Terence Blacker: I lived with cranky legend who changed more lives than the authors he dealt in

The writers may soon have returned home but they will have done so with a different view of the world

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It seems slightly odd to be reading words like "iconic" and "legendary" in tributes to the man in whose bookshop I once, a long time ago, lived, worked, was eaten by bed bugs, got beaten up, searched for love and, just now and then, talked about books.

Although he had known, and often fallen out with, generations of famous writers, George Whitman was not obviously the stuff of legend. Skinny, toothless and with a goatee beard, he presided over his ramshackle empire of books with a restless, irritated manner. He was, to put it politely, careful with money. On one occasion. when the two of us were dining at a cheap Latin Quarter Chinese restaurant, he ate almost nothing but surreptitiously ladled the food into a plastic bag he had brought with him. One plate of noodles spilt on to the floor; George picked them up with his hand and put them in the bag, too.

Yet, in his own cranky way, George was a sort of legend. He probably changed more lives than many of the great authors with whom his bookshop was associated. At the time, I disapproved of the self-mythologising that seemed to surround Shakespeare and Company: the name-checking of those who had read or lived there (Ginsberg, Ferlinghetti, Corso, Lawrence Durrell), the pretentious literary chat, the idea that each of us – tourists, wastrels, lost souls – was essentially a writer waiting to discover our talent.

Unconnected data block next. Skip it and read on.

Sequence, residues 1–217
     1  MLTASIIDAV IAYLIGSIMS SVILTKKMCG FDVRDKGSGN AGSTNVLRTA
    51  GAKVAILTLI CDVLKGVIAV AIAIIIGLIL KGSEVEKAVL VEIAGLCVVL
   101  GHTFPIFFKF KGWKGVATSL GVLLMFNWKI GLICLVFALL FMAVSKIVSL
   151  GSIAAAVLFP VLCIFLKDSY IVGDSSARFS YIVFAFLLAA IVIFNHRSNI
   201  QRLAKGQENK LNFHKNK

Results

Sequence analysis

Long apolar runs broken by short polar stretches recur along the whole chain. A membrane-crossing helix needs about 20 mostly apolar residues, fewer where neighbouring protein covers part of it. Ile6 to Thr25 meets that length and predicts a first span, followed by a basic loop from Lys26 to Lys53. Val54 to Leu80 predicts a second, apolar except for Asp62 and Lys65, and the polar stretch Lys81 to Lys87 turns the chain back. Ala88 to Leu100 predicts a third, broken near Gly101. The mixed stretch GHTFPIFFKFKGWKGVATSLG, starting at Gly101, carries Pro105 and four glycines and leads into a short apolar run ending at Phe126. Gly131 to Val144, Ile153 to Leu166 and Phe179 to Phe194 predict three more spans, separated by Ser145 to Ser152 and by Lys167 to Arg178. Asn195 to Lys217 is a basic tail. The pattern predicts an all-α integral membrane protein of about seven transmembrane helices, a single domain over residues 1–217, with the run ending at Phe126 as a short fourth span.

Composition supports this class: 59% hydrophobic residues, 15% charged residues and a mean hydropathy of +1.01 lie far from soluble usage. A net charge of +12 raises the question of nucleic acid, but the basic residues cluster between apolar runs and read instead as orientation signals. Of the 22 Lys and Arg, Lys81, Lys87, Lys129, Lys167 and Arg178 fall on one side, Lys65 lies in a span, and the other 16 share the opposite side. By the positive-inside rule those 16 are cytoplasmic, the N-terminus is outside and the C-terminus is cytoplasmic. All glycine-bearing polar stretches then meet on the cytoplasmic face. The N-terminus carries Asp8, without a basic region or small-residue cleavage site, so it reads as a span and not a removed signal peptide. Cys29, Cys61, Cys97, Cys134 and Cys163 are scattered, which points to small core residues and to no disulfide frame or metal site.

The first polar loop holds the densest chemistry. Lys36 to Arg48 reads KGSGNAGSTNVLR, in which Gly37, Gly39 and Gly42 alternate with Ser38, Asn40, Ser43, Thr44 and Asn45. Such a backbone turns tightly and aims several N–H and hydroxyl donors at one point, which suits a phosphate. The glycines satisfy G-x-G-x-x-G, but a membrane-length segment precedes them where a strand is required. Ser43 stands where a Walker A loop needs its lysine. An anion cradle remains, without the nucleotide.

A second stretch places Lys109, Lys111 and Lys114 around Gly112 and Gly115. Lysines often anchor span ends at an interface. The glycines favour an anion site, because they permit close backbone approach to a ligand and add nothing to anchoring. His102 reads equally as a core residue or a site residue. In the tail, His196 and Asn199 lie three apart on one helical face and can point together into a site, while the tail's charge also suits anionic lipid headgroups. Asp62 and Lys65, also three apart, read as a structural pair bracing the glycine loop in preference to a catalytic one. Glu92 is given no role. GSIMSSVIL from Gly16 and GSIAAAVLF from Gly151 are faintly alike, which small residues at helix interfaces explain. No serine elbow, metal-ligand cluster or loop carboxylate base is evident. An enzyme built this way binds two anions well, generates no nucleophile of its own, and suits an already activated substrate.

George was right about one thing, though. Shakespeare and Company was more than a bookshop. There would be the girls he called "house-mothers", making tea under grim culinary conditions. In each of the small, book-lined rooms, a would-be writer would be lounging on one of the uncomfortable beds, dreaming of being Hemingway or Anaïs Nin. Now and then, an established writer would call by, do a reading and leave, usually with a wide-eyed house-mother in tow.

George, in other words, was dealing in dreams. Over the decades, he gave thousands of young women, and quite a few young men, a taste of la vie bohème, a moment when they were writers, living in a bookshop on the Left Bank. Even if some of those staying there turned out to be frauds (the "writer" who bashed me up ended up in an Asian jail on a drugs-running charge), if the conversation was absurdly pretentious, the fantasy endured.

The last time I saw George, he gave me a slim paperback called Tumbleweed Hotel: Volume One, in which the brief autobiographies of some of those who stayed in Shakespeare and Company had been collected. The stories – all by women, of course – ache with a sense of lives changing. Young worlds of chaos, hope and confusion are revealed. The writers may soon have returned home to jobs and families, but they will have done so with a slightly different view of themselves and the world.

George Whitman was one of those rare people who simply by living his own odd and rackety life, re-ordered the realities of others, by opening up new and unlikely possibilities.

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